14 July 2011


I really enjoy these books for several reasons. I like Sookie, the ultimate "social outcast" and the world that she has found a way to fit into. Ms. Harris does a wonderful job of developing the secondary characters, and she always has some new ones to spring on the reader in each book. In addition, she is really good at divulging a little more about the supernatural world with each book. To me, if you want to keep your readers engaged, that is essential for a long series. My standard for this type of series is The Dresden File series byJim Butcher, and this one hold up to that one pretty well. 

In the seventh book of the series, we find Sookie up to her eyeballs in the land of the Supes again as she is off to Illinois to participate in a conference of the top vampires in the country. While there she gets to meet up with Barry Bellhop, the only other telepath she has met, again as well as spending time with her new main squeeze, who happens to be a weretiger. In addition, all the other players that we have grown to love are once again present. As usual, nothing that involves Sookie goes smoothly, and what is supposed to be an easy job to allow her an economic "cushion" turn bad and Sookie is faced with trying to set things right. And the end of this one definitely leaves you wondering and wanting more. 

Although these books are somewhat formulaic, the situations are varied enough, and the characters endearing enough, that one keeps reading to see what happens to everyone next. Reading the next book in the series is much like catching up with some old friends that you haven't seen for a while.


This book was billed as a romantic suspense book, although the synopsis made it sound more like a political thriller. As a result, I was not sure what to expect. What I found as I read it was a good thriller with an interesting story line. The main character, Alex Stanton, is a rich girl who has never been able to figure out what she wanted to do with her life. I found her to be spoiled and shallow at first, but once she got a job with a company of private mercenaries and became involved in the business her character became much more palatable. In fact, most of the characters in this book seemed to take a long time to get off the ground. I can only assume that this is due to the fact that this is the first book in a series and as such, the author didn't want to reveal too much about her characters. That she wanted to leave something for future books. The same might be said for the romance usually present in a romantic suspense book. In fact, the romance in this book was all verbal, with no real romance present at all. Again, this must be something that the author intends to develop in future installments. To me this is risky, as there was not really anything in the first book to invest you in the characters and entice you to continue on in the series.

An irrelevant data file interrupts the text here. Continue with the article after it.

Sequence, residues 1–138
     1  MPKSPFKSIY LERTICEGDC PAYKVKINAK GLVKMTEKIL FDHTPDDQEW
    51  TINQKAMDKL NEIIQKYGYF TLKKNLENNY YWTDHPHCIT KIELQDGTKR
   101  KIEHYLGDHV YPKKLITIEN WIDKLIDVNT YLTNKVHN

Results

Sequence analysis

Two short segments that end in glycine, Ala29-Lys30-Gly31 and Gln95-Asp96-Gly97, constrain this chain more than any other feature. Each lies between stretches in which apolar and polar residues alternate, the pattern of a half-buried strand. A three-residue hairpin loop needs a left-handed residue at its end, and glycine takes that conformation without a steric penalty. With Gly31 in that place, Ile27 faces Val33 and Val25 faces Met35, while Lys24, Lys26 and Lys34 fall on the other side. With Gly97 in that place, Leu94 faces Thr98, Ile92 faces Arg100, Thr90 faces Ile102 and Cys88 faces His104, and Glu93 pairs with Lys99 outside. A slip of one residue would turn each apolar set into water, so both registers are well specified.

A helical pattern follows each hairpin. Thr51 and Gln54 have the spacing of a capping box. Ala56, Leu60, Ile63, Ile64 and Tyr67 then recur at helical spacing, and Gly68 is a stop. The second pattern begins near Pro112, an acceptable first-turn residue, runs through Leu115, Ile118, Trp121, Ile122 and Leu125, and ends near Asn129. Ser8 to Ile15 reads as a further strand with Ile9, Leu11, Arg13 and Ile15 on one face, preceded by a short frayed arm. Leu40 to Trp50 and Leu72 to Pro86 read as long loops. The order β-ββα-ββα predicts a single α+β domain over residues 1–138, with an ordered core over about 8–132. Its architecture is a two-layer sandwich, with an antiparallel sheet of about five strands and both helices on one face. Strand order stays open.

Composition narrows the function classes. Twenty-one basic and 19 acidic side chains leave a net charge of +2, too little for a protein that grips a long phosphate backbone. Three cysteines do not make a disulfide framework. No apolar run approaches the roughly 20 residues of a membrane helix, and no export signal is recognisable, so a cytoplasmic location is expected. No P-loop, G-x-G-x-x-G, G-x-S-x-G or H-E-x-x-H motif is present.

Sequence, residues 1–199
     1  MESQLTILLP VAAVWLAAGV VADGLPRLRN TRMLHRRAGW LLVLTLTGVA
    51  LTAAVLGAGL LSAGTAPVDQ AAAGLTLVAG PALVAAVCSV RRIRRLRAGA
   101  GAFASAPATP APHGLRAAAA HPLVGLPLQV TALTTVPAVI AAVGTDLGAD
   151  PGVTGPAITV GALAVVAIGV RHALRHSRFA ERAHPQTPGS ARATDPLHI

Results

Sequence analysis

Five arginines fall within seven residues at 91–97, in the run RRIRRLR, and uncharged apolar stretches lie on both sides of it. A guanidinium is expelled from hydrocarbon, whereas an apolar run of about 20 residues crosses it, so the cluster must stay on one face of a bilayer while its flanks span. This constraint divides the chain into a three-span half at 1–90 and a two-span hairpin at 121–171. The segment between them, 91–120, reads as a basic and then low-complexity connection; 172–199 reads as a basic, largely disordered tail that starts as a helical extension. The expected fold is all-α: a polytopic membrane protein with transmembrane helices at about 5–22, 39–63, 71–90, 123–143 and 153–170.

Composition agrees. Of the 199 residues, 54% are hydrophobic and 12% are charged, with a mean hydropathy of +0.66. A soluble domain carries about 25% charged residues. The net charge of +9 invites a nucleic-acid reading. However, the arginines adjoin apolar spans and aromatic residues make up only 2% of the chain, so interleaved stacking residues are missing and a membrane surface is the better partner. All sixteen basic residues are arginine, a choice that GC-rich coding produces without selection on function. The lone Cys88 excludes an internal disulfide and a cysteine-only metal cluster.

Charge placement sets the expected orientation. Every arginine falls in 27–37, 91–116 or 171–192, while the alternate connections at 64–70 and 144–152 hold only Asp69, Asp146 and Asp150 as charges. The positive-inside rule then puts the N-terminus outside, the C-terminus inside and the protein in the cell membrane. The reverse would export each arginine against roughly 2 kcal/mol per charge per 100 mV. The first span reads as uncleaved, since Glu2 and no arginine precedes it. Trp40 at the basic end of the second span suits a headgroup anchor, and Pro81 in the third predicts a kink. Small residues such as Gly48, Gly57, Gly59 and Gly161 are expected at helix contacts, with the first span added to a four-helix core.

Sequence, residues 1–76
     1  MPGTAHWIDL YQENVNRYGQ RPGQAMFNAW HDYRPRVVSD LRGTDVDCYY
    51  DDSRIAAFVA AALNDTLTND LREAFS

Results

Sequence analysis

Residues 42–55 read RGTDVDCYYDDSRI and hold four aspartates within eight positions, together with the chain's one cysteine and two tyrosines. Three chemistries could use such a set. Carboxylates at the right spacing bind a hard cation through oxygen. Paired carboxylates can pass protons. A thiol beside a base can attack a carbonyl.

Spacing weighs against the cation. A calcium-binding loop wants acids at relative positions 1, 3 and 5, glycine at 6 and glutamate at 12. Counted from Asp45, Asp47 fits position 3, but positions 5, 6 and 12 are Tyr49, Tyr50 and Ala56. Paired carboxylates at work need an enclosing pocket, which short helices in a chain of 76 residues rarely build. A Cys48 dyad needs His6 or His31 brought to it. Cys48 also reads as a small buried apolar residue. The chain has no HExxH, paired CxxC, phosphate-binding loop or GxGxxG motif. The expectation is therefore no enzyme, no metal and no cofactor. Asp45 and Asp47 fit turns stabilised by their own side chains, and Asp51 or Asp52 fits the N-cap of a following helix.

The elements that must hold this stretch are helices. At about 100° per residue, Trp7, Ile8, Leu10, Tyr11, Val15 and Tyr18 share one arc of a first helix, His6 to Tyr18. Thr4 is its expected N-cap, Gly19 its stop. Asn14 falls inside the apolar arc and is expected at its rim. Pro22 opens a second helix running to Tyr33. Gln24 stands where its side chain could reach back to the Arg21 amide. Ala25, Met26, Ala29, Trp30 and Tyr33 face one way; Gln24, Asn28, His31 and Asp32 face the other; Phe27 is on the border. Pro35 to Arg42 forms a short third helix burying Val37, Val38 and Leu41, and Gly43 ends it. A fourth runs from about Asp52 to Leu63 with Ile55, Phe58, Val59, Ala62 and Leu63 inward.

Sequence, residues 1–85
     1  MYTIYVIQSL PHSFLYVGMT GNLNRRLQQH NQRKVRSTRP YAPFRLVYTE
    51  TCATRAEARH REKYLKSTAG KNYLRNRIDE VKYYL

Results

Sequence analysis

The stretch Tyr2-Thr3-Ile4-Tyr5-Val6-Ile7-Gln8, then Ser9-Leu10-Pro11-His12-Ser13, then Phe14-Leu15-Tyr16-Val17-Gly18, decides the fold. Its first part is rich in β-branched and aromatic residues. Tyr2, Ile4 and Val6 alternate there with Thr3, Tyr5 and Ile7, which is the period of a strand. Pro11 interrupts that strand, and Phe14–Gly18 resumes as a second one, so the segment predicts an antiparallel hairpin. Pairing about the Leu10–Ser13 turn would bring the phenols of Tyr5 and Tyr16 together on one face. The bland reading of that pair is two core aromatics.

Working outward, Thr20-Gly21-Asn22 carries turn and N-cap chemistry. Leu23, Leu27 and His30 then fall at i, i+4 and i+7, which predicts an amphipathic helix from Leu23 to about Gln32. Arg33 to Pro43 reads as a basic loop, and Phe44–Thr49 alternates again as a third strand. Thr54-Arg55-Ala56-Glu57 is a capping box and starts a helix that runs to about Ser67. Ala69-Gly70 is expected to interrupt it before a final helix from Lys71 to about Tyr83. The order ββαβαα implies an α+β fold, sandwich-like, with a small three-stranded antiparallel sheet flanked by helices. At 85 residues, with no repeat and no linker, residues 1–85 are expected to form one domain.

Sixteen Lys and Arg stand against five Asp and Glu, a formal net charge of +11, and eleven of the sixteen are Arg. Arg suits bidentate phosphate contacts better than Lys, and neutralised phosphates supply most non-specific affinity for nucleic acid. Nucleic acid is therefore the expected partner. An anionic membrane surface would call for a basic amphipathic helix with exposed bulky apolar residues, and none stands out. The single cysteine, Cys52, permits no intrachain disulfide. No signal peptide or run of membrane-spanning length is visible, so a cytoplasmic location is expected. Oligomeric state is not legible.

The best thing about this book was the plot line of the story, which I felt was good, but nothing spectacular. Usually my main criteria for a suspense book revolves around how easy the twists in the story line are to figure out. In this case, I saw them coming a mile away. 

Although I enjoyed this book, I am actually on the fence as to whether I will continue with the series. I may give the second book a chance and see how it goes. If the author doesn't develop the characters and romance any more in the second book, I will be out.


I read the first book by this debut author just last month, and really enjoyed it. Therefore, when I got the chance to read this one I jumped at it. I was anticipating another good mystery along the lines of the first book in the series. What I got, however, was an even better book than Midnight Caller. In the time that has passed between the writing of her first book and this one, the author has certainly honed her craft. This second book of the series had a more exciting story line with a myriad of possibilities for the antagonist, leaving the plot twists harder to figure out. Once the antagonist was finally revealed, I found myself cheering that I had guessed correctly, a sure sign that I was involved in the story.  

In addition, the characters seemed to have more personality making it even easier to get invested in their stories. The heroine, Caitlyn, had the perfect mixture of softness and backbone and her hero, Reid was the perfect strong but vulnerable leading man.  There were also a number of well developed secondary characters who played interesting roles throughout the book.  All in all, I had a really hard time putting this book down once I started to read it. I wanted the world to go away and just keep reading.  I think I may even have snapped at a few of my family members when they interrupted my reading time. 

If I really enjoyed the author's first book, I LOVED this one. I can't wait for the next installment from this author and hope that she writes many more books similar to her first two, and this one in particular.